What is Brand Equity?

I was speaking recently with a marketing professor from a top business school. He is a person I respect very much.

During the course of our conversation he said, "Wal-Mart has no brand equity." I almost choked on my wine. I asked him what he meant. He said that brand equity should create a price premium, and Wal-Mart's strategy has been to focus on low prices. In his mind brand equity always creates a price premium.

Yes, strong brands can get people to pay more. But, isn't paying a premium just one example of the kinds of behavior a strong brand can encourage? What if a brand gets no price premium, but encourages more frequent purchases, a greater share of spending dollars, or referrals? Isn't that a strong brand? Wal-Mart gets a disproportionate share of both wallets and shopping visits, and has millions of loyal customers. It has changed consumer shopping behavior, in a significant way.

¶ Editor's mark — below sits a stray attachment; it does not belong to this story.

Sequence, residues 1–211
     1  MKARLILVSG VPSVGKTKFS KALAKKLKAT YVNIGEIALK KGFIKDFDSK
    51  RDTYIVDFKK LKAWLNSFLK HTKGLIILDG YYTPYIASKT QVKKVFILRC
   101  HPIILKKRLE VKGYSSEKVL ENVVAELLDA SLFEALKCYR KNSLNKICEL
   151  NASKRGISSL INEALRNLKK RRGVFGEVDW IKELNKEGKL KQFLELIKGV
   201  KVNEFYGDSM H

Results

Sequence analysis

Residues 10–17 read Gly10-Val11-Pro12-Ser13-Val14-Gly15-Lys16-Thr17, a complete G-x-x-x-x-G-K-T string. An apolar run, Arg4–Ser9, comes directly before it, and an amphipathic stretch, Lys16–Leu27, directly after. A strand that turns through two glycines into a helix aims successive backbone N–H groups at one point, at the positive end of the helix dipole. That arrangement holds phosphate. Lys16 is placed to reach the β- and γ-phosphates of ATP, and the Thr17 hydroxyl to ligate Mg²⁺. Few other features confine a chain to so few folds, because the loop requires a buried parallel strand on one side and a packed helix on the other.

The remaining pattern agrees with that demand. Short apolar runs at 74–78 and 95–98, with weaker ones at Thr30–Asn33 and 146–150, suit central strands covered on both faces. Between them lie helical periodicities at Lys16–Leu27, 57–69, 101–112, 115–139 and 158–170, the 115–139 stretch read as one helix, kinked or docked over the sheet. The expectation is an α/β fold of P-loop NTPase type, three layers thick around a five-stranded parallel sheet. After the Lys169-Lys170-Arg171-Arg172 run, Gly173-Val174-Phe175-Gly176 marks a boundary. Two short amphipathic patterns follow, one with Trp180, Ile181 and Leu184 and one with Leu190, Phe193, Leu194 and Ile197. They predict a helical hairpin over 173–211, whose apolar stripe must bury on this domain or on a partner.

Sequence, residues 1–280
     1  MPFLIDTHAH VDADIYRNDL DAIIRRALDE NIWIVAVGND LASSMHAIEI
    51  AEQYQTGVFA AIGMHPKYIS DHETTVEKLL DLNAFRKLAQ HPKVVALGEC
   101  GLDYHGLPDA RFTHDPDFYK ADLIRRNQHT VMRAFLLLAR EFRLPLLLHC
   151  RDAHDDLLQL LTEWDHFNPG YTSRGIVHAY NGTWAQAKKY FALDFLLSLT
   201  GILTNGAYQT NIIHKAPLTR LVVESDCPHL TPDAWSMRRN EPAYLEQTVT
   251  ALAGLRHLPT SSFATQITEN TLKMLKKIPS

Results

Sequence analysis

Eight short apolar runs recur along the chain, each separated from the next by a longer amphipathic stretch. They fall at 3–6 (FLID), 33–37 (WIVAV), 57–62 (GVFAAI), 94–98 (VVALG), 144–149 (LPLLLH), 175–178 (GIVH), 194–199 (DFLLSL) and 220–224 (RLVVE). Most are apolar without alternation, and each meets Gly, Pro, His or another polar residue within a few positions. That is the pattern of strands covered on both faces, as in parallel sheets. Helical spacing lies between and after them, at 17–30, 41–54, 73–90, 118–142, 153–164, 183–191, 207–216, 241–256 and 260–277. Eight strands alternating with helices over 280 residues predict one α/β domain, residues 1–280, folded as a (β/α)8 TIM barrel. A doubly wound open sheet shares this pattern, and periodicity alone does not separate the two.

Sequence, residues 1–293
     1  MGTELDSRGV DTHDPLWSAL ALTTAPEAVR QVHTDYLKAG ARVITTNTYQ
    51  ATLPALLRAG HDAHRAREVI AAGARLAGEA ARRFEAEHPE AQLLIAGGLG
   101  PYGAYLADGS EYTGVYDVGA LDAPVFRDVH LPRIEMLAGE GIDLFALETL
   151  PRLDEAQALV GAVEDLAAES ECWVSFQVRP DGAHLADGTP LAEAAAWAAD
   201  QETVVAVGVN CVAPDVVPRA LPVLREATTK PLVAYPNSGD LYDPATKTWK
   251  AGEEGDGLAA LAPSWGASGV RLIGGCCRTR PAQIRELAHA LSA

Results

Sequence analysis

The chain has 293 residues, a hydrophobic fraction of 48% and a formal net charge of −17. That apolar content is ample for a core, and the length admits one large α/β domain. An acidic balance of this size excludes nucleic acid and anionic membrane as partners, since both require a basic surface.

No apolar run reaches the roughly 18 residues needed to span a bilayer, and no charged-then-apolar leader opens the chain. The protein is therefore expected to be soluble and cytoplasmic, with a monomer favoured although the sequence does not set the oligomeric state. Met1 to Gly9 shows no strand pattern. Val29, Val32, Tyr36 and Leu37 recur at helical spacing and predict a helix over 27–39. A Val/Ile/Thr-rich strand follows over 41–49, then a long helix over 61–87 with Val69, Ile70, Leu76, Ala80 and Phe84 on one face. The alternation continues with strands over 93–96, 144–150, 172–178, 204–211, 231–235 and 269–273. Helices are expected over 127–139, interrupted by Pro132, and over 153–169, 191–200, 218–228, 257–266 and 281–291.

So, can you have brand equity with no price premium? Or do you agree with the professor? (Any conversation about Wal-Mart can be incendiary, so please try to separate your answer to the brand equity question from any Wal-Mart rants, which you are also welcome to include in your comments.)

Steve Yastrow posted this on March 14, 2005, in Branding.
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